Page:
The painter Rupert C. W. Bunny is one of a number of interesting Australian artists who came to England to make their names, and instinctively fits as a 'Victorian'. He was born in St Kilda, and was schooled in Hobart. After abortive studies in civil engineering and architecture, at the beginning of the 1880s he settled on art school in Melbourne, taking design under Oswald R Campbell, and painting under Folingsby, where his fellow students included Longstaff and the sculptor Bertram Mackennal (both of whom settled in England).
Bunny came to England in 1884, and spent 18 months at Calderon's Art School in London. Among the students he met there were Henry Tuke and T. C. Gotch, who persuaded him to go to Paris to the atelier of Jean Paul Laurens. Thereafter, although he sent pictures to the Royal Academy from 1892, he settled in France, marrying a French girl in 1902, and achieving a measure of official recognition there. He made a return visit to Australia in 1911, and in the 1920s made further and longer visits, exhibiting in Melbourne and Sydney. In 1933, when his French wife died, he finally returned permanently to Australia, settling in South Yarra, Melbourne. Oddly, despite his strong reputation in Europe, during his life he seems to have been somewhat neglected by the art establishment in Australia, though just before his death his reputation increased and most of his works have ended up in Australian art galleries.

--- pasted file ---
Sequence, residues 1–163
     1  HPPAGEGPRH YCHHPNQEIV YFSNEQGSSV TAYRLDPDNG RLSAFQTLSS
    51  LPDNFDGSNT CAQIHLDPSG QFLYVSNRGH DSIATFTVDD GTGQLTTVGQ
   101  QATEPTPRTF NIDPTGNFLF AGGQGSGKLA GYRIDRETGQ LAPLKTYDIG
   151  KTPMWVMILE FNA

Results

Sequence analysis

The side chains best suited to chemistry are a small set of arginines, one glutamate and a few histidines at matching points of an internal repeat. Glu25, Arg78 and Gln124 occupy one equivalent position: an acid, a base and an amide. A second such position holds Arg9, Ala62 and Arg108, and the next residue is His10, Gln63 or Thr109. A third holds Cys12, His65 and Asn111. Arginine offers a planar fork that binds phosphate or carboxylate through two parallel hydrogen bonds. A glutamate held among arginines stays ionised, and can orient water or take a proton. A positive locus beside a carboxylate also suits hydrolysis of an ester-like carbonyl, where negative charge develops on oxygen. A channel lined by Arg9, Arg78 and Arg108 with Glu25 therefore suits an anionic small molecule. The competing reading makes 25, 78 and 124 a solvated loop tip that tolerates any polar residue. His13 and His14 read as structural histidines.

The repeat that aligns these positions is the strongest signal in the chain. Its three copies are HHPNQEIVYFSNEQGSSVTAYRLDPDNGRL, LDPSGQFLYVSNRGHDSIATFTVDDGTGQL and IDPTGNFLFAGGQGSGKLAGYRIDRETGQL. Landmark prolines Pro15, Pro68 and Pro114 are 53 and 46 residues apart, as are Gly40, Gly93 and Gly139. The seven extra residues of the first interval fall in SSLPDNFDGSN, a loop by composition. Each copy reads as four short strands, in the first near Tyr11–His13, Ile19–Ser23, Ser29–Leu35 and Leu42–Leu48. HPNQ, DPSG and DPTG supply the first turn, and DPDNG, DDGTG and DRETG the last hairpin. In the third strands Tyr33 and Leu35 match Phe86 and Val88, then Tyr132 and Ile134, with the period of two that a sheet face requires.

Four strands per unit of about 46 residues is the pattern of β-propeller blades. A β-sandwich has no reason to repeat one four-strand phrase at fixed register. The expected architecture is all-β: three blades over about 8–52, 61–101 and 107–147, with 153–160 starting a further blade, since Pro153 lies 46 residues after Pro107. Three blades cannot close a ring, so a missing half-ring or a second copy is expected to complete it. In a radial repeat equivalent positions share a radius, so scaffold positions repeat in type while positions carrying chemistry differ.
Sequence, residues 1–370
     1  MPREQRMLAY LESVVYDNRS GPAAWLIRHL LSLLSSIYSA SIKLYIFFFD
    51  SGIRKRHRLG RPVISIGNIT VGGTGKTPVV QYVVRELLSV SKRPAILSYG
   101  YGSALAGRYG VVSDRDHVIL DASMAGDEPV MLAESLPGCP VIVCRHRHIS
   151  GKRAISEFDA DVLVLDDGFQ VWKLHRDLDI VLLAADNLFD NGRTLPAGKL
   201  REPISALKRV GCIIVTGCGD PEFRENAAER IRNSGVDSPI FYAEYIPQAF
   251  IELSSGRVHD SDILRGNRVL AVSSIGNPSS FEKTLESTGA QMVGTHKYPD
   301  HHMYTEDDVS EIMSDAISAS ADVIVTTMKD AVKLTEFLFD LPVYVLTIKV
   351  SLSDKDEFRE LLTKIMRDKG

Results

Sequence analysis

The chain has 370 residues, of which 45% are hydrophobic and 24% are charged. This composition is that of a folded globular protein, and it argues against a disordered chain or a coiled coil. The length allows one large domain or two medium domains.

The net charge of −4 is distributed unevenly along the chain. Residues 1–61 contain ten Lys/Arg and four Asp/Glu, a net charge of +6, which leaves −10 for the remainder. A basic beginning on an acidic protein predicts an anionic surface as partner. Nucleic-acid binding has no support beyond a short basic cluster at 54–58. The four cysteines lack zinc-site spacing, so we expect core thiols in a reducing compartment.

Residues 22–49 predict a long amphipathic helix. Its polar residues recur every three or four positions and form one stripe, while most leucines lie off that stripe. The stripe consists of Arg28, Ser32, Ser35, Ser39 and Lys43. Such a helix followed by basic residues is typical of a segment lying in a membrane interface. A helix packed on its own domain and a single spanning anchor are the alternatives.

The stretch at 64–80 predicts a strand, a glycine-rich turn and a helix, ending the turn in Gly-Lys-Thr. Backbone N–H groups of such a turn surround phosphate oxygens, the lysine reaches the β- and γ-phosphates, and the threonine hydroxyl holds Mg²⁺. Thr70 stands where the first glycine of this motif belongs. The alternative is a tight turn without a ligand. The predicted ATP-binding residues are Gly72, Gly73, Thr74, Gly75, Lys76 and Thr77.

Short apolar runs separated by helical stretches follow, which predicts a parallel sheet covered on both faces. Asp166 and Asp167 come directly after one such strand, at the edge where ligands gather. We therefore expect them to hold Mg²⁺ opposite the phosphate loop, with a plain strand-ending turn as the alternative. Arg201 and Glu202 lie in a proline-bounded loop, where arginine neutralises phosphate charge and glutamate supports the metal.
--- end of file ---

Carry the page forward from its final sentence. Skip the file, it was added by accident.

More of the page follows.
Bunny's work was influenced by his French master, Laurens, but also by Puvis de Chavannes and by the Pre-Raphaelite Ford Madox Brown. His favorite subject was girls, typically in threes, sleeping, sunning themselves, in modern society, or in mythological and biblical settings. Some of his paintings are excellently symbolist, as in his striking Annunciation, Salome, The Forerunners and Descending Angels.
As noted, most of his paintings in public collections are in Australia, although they occasionally appear in exhibitions in English galleries. As well, he produced some illustrative work for English magazines, nicely composed if rather wishy washy, and these can be found without difficulty.
Illustration to a poem by Bunny
Australian art and Britain // Other artists